Coast Guard Auxiliary Reports

Thank you to Phil Hill for the following information as a follow-up to National Safe Boating Week. We also want to honor those in our armed forces who were remembered for their ultimate sacrifice this past Memorial Day.

Last week we discussed paperwork that could make your time on the water a pleasant experience. Now let’s talk about life jackets. 81% of boating accident deaths are due to drowning. Of these accidents, 83 % of the victims were not wearing life jackets, yet 2/3 of these victims were said to be good swimmers. A properly fitting life jacket is required for each person aboard a recreational vessel. Life jackets must be Coast Guard-approved, in serviceable condition and the appropriate size for the user. On a vessel underway, children under 13 must wear an appropriate Coast Guard-approved PFD, unless they are below deck or in an enclosed cabin.
New life jackets feature information in four main categories, usually in separate boxes. At the top of the label, is sizing information. The sizing usually specifies a user weight range and chest size range. Proper fit is one of the most important considerations when choosing a life jacket. Check for fit by raising your arms above your head while wearing the life jacket and ask a friend to grasp the tops of the arm openings and gently pull up. The life jacket should not ride up over your chin or face. Ensure your life jacket fits properly with no excess room above the arm and neck openings. A snug fit in these areas shows the life jacket fits properly. The label inside the jacket will tell You: Performance, Buoyancy and Turning Information; Warnings, Intended Activity and Limitations of Use; Manufacturer, Certification and Approval Information; Care and Maintenance Instructions.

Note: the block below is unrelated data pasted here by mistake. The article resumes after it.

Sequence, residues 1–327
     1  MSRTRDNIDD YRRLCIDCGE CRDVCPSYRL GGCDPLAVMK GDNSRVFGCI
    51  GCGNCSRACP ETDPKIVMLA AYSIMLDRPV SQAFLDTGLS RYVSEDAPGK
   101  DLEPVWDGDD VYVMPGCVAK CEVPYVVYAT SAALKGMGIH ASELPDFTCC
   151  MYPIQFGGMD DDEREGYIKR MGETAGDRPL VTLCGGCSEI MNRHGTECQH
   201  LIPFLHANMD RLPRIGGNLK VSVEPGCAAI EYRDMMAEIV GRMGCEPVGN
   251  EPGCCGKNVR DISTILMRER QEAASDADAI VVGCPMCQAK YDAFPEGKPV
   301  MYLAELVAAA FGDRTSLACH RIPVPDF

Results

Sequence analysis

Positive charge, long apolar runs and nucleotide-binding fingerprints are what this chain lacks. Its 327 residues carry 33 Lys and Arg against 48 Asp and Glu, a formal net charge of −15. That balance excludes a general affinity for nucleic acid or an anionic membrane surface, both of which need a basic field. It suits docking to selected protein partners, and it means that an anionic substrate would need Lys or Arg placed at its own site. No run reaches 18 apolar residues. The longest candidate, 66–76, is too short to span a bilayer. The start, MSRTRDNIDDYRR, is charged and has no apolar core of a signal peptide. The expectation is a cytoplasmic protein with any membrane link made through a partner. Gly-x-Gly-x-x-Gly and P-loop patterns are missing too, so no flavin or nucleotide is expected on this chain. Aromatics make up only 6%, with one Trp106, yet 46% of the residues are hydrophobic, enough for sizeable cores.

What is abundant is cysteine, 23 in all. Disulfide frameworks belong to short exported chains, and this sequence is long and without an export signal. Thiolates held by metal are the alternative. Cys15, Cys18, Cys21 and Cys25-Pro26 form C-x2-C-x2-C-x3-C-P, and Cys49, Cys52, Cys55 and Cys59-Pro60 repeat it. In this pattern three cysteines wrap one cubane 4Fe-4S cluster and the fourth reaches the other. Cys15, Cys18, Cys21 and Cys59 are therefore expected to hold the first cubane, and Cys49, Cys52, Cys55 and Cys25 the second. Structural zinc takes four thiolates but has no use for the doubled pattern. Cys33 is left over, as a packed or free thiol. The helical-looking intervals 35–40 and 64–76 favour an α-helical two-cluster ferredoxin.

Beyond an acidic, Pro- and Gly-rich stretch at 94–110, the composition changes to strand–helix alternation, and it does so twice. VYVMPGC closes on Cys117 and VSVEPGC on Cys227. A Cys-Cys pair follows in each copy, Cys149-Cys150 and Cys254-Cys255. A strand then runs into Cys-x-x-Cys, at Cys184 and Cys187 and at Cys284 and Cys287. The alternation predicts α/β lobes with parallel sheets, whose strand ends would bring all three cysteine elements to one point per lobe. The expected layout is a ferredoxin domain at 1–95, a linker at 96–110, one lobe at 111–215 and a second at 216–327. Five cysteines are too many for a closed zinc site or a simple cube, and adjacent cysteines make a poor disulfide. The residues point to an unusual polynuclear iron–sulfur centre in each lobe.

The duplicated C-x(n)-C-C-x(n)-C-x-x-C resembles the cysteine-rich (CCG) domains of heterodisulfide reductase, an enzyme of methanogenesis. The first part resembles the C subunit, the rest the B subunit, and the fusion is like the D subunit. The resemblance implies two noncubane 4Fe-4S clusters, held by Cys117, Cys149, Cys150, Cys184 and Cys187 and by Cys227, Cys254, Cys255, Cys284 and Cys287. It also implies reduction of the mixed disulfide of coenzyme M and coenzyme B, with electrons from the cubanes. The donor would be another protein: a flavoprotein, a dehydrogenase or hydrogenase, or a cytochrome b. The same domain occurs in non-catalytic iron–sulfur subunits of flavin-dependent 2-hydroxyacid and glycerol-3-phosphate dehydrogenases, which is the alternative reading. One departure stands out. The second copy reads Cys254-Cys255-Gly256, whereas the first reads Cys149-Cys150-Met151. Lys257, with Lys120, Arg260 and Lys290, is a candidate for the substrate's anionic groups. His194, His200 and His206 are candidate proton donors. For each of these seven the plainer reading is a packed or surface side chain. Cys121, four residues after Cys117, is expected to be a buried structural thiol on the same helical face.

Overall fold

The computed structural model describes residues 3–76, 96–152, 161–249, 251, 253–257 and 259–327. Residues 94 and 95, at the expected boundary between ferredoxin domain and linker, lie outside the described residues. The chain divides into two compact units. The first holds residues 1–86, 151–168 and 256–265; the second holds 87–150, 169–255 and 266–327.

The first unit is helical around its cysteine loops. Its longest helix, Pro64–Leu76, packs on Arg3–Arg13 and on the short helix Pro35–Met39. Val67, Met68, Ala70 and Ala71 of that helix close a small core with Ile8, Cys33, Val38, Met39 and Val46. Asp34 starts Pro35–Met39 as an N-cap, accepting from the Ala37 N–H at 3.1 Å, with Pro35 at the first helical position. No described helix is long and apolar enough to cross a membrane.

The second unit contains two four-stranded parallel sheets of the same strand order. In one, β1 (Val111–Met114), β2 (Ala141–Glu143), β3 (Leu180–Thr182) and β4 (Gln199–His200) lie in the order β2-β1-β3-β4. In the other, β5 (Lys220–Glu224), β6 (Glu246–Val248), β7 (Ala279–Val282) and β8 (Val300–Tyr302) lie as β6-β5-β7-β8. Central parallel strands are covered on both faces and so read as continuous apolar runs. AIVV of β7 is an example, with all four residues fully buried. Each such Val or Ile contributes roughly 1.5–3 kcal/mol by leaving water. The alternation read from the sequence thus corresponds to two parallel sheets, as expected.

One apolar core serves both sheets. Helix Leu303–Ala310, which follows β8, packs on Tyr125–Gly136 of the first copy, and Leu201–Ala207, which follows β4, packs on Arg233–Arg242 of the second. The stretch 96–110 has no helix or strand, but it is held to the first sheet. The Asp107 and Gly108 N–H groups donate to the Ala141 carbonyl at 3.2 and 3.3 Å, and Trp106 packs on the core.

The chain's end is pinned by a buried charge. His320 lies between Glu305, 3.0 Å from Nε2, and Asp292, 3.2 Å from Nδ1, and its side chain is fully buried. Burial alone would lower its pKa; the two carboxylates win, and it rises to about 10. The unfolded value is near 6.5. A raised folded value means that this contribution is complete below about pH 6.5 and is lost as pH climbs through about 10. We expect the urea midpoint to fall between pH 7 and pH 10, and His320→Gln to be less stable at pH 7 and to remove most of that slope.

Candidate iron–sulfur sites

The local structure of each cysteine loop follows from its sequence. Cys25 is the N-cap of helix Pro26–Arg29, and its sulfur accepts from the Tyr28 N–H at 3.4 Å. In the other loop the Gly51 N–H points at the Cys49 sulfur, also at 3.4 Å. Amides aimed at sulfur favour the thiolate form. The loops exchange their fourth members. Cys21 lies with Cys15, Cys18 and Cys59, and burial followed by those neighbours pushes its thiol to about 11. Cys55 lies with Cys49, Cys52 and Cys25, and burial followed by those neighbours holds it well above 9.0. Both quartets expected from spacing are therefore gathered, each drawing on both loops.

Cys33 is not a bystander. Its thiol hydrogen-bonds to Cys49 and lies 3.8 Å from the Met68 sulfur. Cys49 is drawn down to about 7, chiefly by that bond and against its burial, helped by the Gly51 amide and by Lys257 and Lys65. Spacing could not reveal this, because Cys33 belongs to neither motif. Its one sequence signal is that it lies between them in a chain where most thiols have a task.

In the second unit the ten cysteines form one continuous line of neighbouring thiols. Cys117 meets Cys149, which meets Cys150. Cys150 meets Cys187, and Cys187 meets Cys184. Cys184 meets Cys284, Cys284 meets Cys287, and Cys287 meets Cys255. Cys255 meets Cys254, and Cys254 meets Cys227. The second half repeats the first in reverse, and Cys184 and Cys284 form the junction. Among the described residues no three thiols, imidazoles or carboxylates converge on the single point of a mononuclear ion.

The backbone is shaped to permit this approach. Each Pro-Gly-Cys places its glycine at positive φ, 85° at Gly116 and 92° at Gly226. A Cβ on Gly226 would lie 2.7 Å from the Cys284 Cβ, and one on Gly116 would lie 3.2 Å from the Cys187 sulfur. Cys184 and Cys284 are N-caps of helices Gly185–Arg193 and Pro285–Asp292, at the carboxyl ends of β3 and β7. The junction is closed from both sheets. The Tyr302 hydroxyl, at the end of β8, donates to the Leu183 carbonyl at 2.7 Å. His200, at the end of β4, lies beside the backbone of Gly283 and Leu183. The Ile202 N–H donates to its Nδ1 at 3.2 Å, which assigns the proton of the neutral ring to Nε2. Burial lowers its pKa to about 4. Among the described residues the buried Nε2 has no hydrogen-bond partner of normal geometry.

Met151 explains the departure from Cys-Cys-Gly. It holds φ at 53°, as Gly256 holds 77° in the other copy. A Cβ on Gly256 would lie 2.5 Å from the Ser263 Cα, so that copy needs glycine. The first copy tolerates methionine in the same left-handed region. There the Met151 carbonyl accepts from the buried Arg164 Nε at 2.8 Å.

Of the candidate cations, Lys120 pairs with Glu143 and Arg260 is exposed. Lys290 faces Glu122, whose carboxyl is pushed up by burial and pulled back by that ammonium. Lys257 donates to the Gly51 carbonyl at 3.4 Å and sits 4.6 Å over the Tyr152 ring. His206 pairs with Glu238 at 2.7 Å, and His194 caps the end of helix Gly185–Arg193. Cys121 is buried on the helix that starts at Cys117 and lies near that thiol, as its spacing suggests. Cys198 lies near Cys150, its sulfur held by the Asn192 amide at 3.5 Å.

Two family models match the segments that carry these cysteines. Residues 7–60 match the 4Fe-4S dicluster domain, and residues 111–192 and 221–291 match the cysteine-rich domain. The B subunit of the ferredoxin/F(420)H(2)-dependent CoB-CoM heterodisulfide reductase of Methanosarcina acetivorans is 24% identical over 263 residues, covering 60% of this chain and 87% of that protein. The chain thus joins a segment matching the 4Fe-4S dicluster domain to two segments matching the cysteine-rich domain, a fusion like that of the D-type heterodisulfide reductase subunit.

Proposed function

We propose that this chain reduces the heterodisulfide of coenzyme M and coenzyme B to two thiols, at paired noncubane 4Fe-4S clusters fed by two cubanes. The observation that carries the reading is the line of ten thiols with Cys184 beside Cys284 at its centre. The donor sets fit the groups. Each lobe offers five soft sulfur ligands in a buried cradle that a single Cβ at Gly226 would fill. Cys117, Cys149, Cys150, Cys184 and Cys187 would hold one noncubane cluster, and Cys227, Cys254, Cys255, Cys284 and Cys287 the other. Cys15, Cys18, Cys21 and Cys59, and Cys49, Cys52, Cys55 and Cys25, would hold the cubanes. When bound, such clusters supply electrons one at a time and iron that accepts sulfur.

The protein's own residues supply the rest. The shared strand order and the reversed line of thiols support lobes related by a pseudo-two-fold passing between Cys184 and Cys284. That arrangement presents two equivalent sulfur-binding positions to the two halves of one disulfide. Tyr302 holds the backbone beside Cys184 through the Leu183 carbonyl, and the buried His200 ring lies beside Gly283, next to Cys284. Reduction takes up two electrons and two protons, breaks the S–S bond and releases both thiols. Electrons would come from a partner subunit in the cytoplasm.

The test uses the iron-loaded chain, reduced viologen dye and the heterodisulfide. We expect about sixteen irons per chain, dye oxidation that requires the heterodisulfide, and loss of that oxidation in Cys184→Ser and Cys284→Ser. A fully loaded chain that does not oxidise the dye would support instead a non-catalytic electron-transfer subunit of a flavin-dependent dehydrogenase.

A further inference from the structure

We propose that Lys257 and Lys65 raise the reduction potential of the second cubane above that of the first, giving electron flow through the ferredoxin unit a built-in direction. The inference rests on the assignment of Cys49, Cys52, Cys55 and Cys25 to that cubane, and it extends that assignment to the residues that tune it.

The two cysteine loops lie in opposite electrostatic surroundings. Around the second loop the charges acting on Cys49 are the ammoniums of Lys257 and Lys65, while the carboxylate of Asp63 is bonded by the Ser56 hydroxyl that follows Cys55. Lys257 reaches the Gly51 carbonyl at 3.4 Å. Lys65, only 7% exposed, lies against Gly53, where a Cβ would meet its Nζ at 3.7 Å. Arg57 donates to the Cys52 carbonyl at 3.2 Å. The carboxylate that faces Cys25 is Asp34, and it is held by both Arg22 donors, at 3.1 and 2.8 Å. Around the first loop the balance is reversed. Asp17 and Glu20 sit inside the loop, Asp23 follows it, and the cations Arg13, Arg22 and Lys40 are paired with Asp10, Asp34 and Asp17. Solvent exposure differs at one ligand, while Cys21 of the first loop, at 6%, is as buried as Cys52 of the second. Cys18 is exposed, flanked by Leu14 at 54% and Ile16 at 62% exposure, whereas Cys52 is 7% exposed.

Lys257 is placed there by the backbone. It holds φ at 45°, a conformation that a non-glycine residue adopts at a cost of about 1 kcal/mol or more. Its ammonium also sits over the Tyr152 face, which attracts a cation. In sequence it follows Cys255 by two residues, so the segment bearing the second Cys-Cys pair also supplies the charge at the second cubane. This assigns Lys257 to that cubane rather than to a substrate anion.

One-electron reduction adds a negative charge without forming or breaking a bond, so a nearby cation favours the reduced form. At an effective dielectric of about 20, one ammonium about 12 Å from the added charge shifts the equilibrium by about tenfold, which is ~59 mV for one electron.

Remember life jackets must be accessible on your vessel and not in an out of reach location. Make sure you have removed them from their original packaging. On a boat that is 16 feet or longer (excluding canoes and kayaks) you must also carry a throwable PFD. Keep this close to the helm for easy access. If you are interested in using an inflatable life jacket, make sure it is properly armed with an unused gas cylinder. These are only authorized for persons at least 16 years or older.

Life jackets have come a long way since the basic orange jacket from your youth. There are specific PFDs for kayaks and canoes that are easy to wear while paddling. Make sure to attach a whistle and a light to your PFD. This is a good idea for anyone on the water. Search for a jacket that is comfortable to wear. It is very hard to put on a life jacket in the water. Test yourself by trying to put on your jacket in a pool. This may convince you to wear your jacket while on the water. Please have a great boating season and stay safe. Happy holiday!
Thanks to Sherrie, we will always remember safe boating is no accident! Check back next week for more safe boating tips!!

If you would like to learn more about vessel safety checks, please contact Steve Hults, Staff Officer for Vessel Examinations at

Please contact us for more information about our safe boating classes or learning more about getting involved in the Auxiliary, check out our website at follow us on FaceBook @ Apalachee Bay Flotilla 12 or contact our Flotilla Commander Phil Hill at

Please contact us to learn more about getting involved in the Auxiliary, check out our website at follow us on FaceBook @ Apalachee Bay Flotilla 12 or contact our Flotilla Commander Phil Hill at

The Coast Guard Auxiliary is the uniformed civilian volunteer component of the U.S. Coast Guard and supports the Coast Guard in nearly all mission areas. The Auxiliary was created by Congress in 1939. For more information, please visit